James W. Maney

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James W. Maney
Born January 3, 1862
Pittsburgh, Pennsylvania
Died July 13, 1945
Oklahoma City, Oklahoma
Nationality American
Occupation railroad contractor
Known for built railroads, helped develop Oklahoma City, namesake of Maney Historic District

James W. Maney (January 3, 1862 – July 13, 1945) was an American engineer and railroad contractor during the late 19th and early 20th century. He was an early resident of Oklahoma City, Oklahoma, helped to shape its development, and lived there most of his life. He built railroads throughout the West, invented a widely used earth-moving tool, and lived in a now-historic home.

Early life[edit]

On January 3, 1862 James William Maney was born to Michael Maney and Johanna Hartnet Maney in Pittsburgh, Pennsylvania. Both parents were Irish and had immigrated from County Kerry, Ireland. The family later moved to Iowa, where James grew up on a farm.[1]


At age 17, Maney began working for the Union Pacific Railroad. By age 22 he had become a railroad contractor, which became his lifelong career. At the age of 22 he built three miles on the Burlington and Missouri River Railroad in the state of Nebraska. His next contract was in South Dakota. When Oklahoma was opened for settlement in 1889, Maney built the second railroad into the state.[1] Within months of the opening of the territory, he settled in the area which would become Oklahoma City. By 1900 he was reputed to be "the largest railroad contractor in Oklahoma."[2]

In addition to building railroads, he went into the mill and grain business, and bought large tracts of land in both rural Oklahoma and Oklahoma City. He also owned a controlling interest in the Jordan Valley Irrigation District in Oregon and helped develop that land for agricultural purposes.

He was instrumental in the development and growth of Oklahoma City. He worked closely with Henry Overholser and Anton Classen. He built a Victorian mansion in downtown Oklahoma City, where he and his family resided until his death in 1945. The house was later used as the location of the offices for the Oklahoma Gazette and is now a bed and breakfast. The Maney House located north of NW 10th on N. Shartel. in Oklahoma City.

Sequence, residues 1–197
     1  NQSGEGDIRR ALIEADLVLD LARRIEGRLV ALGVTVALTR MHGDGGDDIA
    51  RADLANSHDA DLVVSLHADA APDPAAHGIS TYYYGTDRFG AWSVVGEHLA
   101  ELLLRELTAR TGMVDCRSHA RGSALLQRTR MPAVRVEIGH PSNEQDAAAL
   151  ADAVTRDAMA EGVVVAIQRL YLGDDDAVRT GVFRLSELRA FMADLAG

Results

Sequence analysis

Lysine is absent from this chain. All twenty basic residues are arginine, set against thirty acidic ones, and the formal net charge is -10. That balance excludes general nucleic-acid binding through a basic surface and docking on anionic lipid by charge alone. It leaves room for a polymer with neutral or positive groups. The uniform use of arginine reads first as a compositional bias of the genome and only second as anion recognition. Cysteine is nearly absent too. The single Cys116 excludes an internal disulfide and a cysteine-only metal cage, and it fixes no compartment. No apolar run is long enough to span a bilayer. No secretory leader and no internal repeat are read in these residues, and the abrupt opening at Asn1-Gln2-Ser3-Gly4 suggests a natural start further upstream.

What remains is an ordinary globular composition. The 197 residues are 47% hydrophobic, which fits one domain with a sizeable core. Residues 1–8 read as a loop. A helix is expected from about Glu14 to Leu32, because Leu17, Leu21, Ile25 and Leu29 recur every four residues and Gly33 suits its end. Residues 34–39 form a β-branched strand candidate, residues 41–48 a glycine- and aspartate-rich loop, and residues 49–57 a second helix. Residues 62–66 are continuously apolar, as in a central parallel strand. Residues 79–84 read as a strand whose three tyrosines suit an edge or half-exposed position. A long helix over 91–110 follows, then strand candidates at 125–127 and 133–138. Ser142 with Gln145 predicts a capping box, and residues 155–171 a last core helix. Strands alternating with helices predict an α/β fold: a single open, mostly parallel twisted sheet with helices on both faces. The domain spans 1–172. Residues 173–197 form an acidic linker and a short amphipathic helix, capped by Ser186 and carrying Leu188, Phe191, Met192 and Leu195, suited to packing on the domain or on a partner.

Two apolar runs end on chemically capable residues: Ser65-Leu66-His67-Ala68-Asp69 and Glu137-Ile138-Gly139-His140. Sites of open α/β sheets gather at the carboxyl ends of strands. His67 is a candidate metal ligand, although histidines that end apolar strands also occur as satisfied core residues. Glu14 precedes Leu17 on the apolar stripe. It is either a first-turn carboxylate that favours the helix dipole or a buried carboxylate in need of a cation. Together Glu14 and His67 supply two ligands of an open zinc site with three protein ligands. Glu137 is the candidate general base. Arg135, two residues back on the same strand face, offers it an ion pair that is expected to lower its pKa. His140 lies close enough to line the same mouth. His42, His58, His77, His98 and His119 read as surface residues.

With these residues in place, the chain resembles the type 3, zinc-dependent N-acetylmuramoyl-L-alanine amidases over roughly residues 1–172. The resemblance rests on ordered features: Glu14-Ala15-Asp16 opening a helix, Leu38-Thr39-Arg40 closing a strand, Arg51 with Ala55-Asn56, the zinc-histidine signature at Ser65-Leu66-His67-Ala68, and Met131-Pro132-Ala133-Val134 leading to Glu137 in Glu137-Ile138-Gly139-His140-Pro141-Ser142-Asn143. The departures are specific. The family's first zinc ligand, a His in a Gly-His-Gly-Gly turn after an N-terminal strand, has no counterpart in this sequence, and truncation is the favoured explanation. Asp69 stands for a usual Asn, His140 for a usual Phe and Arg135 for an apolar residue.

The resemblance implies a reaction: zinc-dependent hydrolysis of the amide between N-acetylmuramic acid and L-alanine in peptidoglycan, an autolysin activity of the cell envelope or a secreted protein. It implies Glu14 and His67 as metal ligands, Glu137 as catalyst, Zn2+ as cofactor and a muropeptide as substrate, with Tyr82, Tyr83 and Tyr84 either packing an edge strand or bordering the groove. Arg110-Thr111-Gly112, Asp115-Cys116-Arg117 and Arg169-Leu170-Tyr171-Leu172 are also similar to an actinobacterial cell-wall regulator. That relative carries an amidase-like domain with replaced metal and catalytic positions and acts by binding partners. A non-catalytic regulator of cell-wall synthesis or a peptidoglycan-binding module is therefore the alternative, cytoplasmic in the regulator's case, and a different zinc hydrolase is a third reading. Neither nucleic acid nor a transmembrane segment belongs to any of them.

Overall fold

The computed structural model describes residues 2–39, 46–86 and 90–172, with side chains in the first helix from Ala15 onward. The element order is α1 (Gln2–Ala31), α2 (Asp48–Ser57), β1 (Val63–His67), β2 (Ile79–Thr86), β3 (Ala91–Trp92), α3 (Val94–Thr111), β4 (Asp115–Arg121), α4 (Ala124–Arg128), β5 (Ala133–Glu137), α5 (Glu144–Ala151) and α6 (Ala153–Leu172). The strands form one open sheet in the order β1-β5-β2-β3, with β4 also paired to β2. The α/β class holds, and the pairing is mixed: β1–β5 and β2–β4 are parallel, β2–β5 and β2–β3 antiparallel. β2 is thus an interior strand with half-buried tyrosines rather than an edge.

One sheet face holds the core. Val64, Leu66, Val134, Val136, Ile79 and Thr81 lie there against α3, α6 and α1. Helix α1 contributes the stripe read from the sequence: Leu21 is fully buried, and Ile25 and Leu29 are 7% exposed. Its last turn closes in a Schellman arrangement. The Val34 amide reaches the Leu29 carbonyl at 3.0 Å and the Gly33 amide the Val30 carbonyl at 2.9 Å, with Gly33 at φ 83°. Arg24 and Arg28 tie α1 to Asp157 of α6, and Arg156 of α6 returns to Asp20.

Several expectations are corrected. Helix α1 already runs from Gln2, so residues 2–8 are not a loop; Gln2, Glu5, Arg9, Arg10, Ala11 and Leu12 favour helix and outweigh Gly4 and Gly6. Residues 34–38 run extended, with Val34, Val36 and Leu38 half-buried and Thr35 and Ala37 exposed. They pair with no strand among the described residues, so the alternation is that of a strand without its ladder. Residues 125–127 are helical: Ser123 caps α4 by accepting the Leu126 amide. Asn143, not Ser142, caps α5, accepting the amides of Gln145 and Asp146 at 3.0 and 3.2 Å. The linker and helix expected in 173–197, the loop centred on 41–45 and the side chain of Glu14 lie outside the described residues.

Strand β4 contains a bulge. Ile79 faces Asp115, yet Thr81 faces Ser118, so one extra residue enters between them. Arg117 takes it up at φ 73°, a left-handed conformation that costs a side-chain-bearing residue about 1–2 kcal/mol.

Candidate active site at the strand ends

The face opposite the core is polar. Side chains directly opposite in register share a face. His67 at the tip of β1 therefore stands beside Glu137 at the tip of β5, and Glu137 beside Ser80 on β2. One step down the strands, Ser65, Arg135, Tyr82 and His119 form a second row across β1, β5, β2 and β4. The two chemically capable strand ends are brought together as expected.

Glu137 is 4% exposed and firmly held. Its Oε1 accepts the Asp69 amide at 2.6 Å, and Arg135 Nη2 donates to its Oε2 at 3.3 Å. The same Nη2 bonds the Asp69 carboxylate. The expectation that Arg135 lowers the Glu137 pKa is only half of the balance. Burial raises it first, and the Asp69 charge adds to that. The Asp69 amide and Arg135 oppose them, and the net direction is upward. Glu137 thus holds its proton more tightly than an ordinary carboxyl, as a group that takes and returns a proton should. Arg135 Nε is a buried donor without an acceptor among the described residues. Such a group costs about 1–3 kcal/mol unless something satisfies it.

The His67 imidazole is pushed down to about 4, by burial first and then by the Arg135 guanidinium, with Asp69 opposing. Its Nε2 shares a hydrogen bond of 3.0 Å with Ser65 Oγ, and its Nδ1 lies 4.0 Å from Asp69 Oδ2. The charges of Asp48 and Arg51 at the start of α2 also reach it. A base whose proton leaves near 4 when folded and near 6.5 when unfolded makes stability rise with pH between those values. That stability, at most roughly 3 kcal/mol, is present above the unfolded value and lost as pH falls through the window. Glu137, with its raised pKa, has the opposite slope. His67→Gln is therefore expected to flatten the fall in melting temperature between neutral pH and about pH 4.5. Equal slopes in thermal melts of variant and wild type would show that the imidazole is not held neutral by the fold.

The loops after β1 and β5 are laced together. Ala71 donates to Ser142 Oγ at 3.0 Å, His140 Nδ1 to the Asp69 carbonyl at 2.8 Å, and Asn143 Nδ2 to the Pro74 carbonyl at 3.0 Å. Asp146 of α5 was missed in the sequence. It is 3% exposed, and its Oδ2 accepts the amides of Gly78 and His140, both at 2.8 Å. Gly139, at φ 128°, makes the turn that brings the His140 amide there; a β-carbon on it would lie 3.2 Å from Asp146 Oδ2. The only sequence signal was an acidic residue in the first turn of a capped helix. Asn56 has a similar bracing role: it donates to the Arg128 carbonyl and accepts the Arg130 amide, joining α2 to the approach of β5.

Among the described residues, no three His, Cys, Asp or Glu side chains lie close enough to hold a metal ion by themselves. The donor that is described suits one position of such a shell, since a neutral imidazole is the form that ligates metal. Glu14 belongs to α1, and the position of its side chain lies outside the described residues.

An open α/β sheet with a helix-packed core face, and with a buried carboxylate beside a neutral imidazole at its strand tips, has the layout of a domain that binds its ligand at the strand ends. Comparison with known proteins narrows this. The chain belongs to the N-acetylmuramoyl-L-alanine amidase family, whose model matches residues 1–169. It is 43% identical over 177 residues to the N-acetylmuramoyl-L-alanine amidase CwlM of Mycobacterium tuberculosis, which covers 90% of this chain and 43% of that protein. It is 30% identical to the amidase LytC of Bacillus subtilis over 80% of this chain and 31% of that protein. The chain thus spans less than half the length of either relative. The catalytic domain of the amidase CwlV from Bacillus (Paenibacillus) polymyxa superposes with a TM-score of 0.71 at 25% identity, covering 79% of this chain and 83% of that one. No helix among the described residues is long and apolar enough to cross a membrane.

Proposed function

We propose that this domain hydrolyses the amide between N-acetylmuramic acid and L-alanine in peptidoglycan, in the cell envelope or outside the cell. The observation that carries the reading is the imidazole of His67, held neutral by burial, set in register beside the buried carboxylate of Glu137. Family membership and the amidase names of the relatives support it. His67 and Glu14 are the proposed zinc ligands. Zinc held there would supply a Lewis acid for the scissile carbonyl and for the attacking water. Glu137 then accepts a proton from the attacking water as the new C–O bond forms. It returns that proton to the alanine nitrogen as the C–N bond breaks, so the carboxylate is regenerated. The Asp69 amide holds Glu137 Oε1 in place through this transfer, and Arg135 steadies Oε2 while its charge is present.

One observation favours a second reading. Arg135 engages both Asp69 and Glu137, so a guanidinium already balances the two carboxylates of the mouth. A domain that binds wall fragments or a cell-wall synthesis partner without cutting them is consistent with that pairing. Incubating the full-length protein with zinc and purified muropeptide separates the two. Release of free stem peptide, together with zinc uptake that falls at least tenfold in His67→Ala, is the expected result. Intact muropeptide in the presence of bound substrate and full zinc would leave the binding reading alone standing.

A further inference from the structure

The Maney Historic District[3] in Oklahoma City is named for him and is listed on the National Register of Historic Places. His former house is described as the oldest and most architecturally unique house in the historic district.[4]

He is known for his invention of an earth-moving tool called the Baker-Maney scraper, built by the Baker Manufacturing Company of Springfield, Illinois.[5] The original model is in the Smithsonian Institution. Can be viewed via this link: https://www.youtube.com/watch?v=VnTBdNUlCNw .

Maney joined the Knights of Columbus, at the time a new society, and became Oklahoma's very first Grand Knight.[1]

Marriage and death[edit]

On May 13, 1889 James William Maney wed Alphonsina Gerrer. Alphonsina was born in Alsace, France and lived there until she was a young teenager. James and Alphonsina had seven children, one of whom died during childhood at the age of 2 due to diphtheria. Alphonsina died following the birth of the seventh child due to blood poisoning. He was left widowed to raise the remaining six children. He died July 13, 1945,[6] at the age of 83, and interred in the Maney family vault at the El Reno cemetery. Just a hundred yards away from the Interurban rail line from Oklahoma City to El Reno which he helped develop and construct for Oklahoma Railway.


  1. ^ a b c Thoburn, Joseph Bradfield, A standard history of Oklahoma, Volume 3, page 1085
  2. ^ Historic District nomination, cited at livingplaces.com
  3. ^ National Register of Historic Places, Oklahoma
  4. ^ Known today as the Maney House. livingplaces.com
  5. ^ Commercial America, Vol. 18, The Philadelphia Commercial Museum, 1921, page 53
  6. ^ Oklahoma State University Digital Library